I will note that because it is integrated graphics, with more than one display connected, the graphics "power" will be even more limited as you will be using more of the shared memory for graphics just to drive the two monitors. So, while integrated graphics systems typically don't do well with gaming, it will be even worse when driving two monitors. If you are only doing basic computer stuff such as email, browsing, word processing, spreadsheets, etc, then you should have few, if no, problems. If you start to do something that is more graphically intense, then you might have more problems than when you were only driving one screen.

#9 Platypus

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Posted 18 August 2016 - 07:55 AM

Dont understand what exactly are these passive adapters, where one end is digital and the other analog. The only answers I get are it wont work, or it will work from manufacturers of passive adapters. They even say we use them to connect our projectors. How is it working for them? Are they just lying for sales? Does something like a passive DAC exist? Or are these products just a scam?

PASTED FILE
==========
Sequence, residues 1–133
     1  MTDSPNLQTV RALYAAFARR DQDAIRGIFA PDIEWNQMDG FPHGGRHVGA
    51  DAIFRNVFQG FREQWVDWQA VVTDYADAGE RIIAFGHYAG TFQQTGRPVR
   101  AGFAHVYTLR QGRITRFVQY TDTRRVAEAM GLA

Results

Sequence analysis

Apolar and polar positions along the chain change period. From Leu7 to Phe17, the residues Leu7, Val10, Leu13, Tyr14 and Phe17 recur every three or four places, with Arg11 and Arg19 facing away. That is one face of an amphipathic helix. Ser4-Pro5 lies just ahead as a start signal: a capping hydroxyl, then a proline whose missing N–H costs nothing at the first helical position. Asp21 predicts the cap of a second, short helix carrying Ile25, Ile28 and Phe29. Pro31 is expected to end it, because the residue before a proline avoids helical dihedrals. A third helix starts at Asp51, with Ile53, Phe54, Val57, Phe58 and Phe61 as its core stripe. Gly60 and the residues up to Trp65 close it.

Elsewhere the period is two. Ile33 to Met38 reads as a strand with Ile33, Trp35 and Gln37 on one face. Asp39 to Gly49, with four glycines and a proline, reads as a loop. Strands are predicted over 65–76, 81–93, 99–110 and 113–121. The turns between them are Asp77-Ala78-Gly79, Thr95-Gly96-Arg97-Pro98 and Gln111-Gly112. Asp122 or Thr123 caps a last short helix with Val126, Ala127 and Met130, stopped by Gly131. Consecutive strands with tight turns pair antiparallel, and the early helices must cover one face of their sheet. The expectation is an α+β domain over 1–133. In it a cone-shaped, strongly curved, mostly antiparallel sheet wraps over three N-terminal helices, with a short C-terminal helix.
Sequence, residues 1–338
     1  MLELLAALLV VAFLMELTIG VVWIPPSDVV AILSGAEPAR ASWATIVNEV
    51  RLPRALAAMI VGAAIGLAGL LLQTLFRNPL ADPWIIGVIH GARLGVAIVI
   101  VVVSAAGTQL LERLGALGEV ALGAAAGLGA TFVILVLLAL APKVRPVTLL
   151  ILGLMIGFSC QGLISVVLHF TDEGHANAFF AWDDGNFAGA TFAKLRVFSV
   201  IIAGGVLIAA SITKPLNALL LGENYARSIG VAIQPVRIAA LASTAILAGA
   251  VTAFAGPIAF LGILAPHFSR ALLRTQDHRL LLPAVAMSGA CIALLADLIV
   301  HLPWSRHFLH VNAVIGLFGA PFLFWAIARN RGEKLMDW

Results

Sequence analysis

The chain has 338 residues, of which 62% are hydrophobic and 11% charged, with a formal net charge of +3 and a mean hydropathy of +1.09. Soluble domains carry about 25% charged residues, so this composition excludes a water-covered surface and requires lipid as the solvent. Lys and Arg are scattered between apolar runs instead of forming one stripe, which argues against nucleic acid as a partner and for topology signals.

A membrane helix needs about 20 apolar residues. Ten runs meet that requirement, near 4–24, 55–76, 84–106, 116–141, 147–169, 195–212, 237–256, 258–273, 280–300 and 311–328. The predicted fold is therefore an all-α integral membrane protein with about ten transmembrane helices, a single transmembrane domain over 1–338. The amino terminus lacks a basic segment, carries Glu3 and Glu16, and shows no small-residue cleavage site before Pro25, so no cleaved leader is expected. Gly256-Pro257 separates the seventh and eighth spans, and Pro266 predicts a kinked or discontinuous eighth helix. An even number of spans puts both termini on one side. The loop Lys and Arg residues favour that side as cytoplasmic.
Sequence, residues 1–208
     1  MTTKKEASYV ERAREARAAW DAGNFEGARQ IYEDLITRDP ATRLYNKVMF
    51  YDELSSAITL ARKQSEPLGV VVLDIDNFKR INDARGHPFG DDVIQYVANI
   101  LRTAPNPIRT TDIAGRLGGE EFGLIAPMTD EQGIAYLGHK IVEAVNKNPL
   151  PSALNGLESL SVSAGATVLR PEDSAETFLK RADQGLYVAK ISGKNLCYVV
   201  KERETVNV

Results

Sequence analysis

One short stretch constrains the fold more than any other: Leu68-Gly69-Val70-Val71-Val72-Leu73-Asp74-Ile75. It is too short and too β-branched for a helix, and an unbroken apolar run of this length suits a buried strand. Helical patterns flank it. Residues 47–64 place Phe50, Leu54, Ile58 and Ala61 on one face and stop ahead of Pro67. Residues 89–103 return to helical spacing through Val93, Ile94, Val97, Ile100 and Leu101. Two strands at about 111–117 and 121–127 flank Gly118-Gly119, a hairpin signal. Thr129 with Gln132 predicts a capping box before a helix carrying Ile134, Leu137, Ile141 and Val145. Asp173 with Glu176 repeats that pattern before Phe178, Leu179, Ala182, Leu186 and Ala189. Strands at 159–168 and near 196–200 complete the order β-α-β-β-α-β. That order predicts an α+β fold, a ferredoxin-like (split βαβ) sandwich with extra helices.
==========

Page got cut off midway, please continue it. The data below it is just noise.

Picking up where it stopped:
They adapt the cable type, not the output signal type. In an emergency it lets you use an analog (VGA) cable to carry a digital signal or vice versa.

For example, at my church we have an old installation with a long throw projector fed via a VGA cable run under the control desk, in the wall up to the roof mounting. We haven't updated it because we hope to move to another building. The projector was expensive but the optic engine is slowly dying - we hope to get another 12 months out of it. Suppose the projector's VGA input failed, it would not be worth fixing it, but we wouldn't want to spend thousands just now on another long throw projector. Neither would we want to re-run a long digital cable so we could change to use the projector's DVI input. But we could get 2 cheap DVI-VGA adapters, and run the DVI signal over the existing VGA cable, until we move or the projector completely fails.

Edited by Platypus, 18 August 2016 - 07:56 AM.

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#10 mjd420nova

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Posted 18 August 2016 - 09:34 AM

There are a number of mfgrs of splitter boxes for video.  I am not a fan of adapters or converters, it seems to be more trouble than it's worth.  The Lenovo i5 desktop has those three outputs, VGA, DVI and HDMI.  But I only have two ways to display.  Of course, a larger display lets you have more tabs open so it could look like another separate display.



#11 smax013

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Posted 18 August 2016 - 09:43 AM

There are a number of mfgrs of splitter boxes for video.


A pure splitter will only mirror the image, however.